It goes without saying that all of this information should be on brand.
3) Find and evaluate your top performing posts
It’s useful to identify your top three performing posts on each social media site – most platforms have onsite tools that allow you to access this information – and record your findings in your audit document.
Of course, it’s important to note that you want to keep each channel’s goals in mind at this stage as this will influence what you’re looking for. Make sure you are tracking information that will help you reach your target. For example, if you’re looking to up interaction with your followers, you’ll want to keep an eye on which posts have the most likes and comments. However, if you’re trying to increase traffic to your website, you’ll want to look at website visits.
Next, move on to evaluating these posts. What do they have in common? Do they differ from your Facebook page to your Instagram account? Uncovering these patterns will help you see what content performs best on which platforms, and help you to tweak your future posts accordingly.
4) Analyse each social network’s audience
You should also make sure that you do your research on which demographics frequent which social networks. For example, users on Snapchat and Instagram tend to be on the younger side and those on LinkedIn statistically have higher income levels. We recommend this article by Sprout Social for a more in depth look at social media demographics.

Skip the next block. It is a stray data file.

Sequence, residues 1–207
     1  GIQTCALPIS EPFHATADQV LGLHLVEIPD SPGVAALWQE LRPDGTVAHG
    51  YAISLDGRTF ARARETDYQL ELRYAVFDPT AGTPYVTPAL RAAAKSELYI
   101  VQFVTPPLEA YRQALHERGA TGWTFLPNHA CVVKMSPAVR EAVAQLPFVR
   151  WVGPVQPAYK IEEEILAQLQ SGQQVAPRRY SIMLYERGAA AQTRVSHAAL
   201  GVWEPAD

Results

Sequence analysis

Take this time to understand the demographics of your followers as well – tools such as Facebook Audience Insight will allow you to dive deeper and better understand who follows you.
5) Focus your efforts into the right social media channels
Armed with all of this information, you should now know where you need to focus your social media marketing efforts and what type of content you should be producing for your channels. Think about how each channel is performing and the demographic you are currently reaching (as well as the ones it will be easiest to reach). You can use this information to help you come up with a strategy to meet your goals, such as tailoring your content to attract followers of a certain demographic or pausing certain channels to focus your time, energy and budget on others.
6) Give ownership where ownership is due
It’s useful to make sure each of your social channels are ‘owned’ by a certain person – or people – on your team. They will be responsible for ensuring posts go live on time, the account is up to date and on brand and that, on the whole, everything is performing well; they can also be in charge of any approvals. And, when it comes to updating the strategy of this social channel, they will be able to help guide this process as they will already know the channel inside and out.
7) Lather, rinse, repeat
Make sure that you do social media audits periodically to see how any changes you’ve made or strategies you’ve implemented are performing. This will help ensure your channels are serving your business and marketing plans as best they can at all times.
Social media audits are a great way to see how your social strategies are performing. By doing them regularly, you’ll be able to tell where you are excelling, where you may be falling short and who your posts are reaching. This valuable information can then be used to better inform which direction your social media strategies take in the future, allowing you to reach the people you want to reach and meet the goals you want to meet. Happy auditing!